Freelance writer Laura
Bode ;lls this month’s
consumer reporter slot
with this behind-the-scenes
look at a Costco program.
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article to buyingsmart@
By Laura Bode
WHEN MY HUSBAND recently surprised
me with a weeklong trip to Costa Rica, sans
kids, I practically bolted to the closet to dust
o; my ancient luggage. ;en I remembered
that the old jalopy of a suitcase I own weighs
about as much as the iron-bottom steamer
trunks of long ago.
My trip was in two weeks. I needed new
luggage, pronto. I knew Costco would hit the
mark on what I was looking for, at a great
price, too. But where to begin?
Since it had been almost two decades
since I’d last gone suitcase shopping, and
there are an overwhelming number of
options now, I decided to enlist the expertise
of the Costco luggage-buying team. Buyer
Marc Sloan and assistant buyer Drusilla
Perrella gave me some great insight on how
they decide which luggage Costco carries.
Soft-side, hard-side or hybrid?
To start my shopping experience, I needed
to determine what type of luggage I needed,
and whether I wanted so;- or hard-side lug-
gage. Is one more durable than the other? “Not
necessarily,” Marc says. “Both are really dura-
ble; it just depends on personal preference.”
Hard-side luggage, as the industry terms
it, is made of durable polycarbonate. It usually
splits, or zips open, down the exact center of
the suitcase, and has the ability to expand if
needed. ;e textured exterior of the polycar-
bonate gives a more appealing look while
adding durability. ;ere are no exterior pock-
ets on hard-side luggage, but interior pockets
abound, and a telescoping handle and spinner
wheels can make maneuvering a breeze.
So;-side luggage is generally made with a
100 percent nylon exterior that’s been water-
and weather-tested to ensure the contents stay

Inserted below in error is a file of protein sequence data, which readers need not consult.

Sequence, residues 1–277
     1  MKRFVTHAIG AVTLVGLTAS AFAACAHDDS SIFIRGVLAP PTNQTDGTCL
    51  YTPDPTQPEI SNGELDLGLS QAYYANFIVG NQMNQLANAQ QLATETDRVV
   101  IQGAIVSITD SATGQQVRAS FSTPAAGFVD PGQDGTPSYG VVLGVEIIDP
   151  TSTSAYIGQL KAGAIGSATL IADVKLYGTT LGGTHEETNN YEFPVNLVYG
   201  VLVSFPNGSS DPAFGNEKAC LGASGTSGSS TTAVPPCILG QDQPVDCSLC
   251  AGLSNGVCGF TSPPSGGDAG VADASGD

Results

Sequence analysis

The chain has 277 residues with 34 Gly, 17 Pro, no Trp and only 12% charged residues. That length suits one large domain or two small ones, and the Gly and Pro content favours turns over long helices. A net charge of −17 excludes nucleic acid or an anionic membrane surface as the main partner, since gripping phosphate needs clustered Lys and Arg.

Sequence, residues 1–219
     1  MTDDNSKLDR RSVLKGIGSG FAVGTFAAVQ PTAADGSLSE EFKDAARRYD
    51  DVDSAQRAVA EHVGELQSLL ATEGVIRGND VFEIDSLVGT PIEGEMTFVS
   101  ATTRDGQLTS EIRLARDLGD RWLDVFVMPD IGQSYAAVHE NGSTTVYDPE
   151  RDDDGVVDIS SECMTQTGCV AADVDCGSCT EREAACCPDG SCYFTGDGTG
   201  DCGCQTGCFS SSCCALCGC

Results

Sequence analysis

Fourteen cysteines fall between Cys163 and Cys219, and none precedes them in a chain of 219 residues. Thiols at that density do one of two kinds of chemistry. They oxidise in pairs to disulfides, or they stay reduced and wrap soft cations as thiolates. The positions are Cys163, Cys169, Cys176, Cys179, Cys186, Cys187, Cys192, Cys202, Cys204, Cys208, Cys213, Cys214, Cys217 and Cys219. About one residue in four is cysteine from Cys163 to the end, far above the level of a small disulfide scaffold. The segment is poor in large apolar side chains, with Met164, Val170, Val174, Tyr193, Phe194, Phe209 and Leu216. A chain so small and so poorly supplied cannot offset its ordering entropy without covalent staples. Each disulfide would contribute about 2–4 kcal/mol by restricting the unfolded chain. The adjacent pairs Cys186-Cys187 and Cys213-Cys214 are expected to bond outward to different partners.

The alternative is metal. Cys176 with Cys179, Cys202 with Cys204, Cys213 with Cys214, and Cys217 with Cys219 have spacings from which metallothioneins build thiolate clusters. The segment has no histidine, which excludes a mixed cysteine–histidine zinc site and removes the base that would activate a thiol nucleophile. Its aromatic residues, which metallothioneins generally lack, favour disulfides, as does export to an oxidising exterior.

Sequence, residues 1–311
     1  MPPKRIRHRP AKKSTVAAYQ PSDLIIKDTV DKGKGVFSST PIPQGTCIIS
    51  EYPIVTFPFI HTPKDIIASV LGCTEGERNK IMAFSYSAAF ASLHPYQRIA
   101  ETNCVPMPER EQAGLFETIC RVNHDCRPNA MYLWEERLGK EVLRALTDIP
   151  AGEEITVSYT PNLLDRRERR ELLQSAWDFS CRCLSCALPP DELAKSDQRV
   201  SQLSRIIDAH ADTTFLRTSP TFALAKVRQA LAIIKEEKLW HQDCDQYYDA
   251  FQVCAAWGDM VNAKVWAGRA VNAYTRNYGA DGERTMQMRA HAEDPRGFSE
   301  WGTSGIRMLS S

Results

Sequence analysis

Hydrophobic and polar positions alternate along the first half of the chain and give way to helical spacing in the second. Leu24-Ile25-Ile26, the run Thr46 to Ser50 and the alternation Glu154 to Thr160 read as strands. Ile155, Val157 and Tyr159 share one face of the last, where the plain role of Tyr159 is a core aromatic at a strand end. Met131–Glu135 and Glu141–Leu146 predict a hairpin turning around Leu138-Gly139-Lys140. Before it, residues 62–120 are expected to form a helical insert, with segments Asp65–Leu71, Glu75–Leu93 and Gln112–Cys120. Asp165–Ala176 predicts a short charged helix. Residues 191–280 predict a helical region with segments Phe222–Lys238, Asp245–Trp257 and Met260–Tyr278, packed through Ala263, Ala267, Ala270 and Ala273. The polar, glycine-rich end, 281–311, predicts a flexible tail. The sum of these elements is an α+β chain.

dry and secure. Typically, so;-side luggage
has multiple exterior pockets, and the ability
to expand if needed.
For people who can’t make up their mind,
hybrid suitcases, which are composed of a
hard polycarbonate backside with a so; nylon
topside, o;er both durability and front pock-
ets, Drusilla says. (In 2013, Costco introduced
its Kirkland Signature™ Hybrid Spinner 21-inch
black carry-on with a 50-50 split opening, cur-
rently available online only.)
Rolling du;els, made of durable nylon, are
another option; they o;er a surprising amount
of storage and the ability to organize in a two-level way. Multiple handles and a large “
easy-pack” opening make du;els very convenient.
Size is a key
I also needed to decide what size would
work best for my needs: a checked bag (full
size), a carry-on or a du;el. Marc and Drusilla
showed me the Ciao brand carry-on, available
in the warehouses and on Costco.com, made
to ;t perfectly under most of the seats in front
of you. ;is ultra-light bag is made of ballistic
nylon, a thick, tough nylon created by the
DuPont Corporation during World War II.
;e original purpose of the nylon was to
protect aircra; personnel from shrapnel,
bullets and other ballistic impacts.
Marc and Drusilla then wheeled me
through some of their other current picks.
COURTESY OF DELSEY
Delsey, a Parisian brand,
is introducing a “light as
a textbook” carry-on.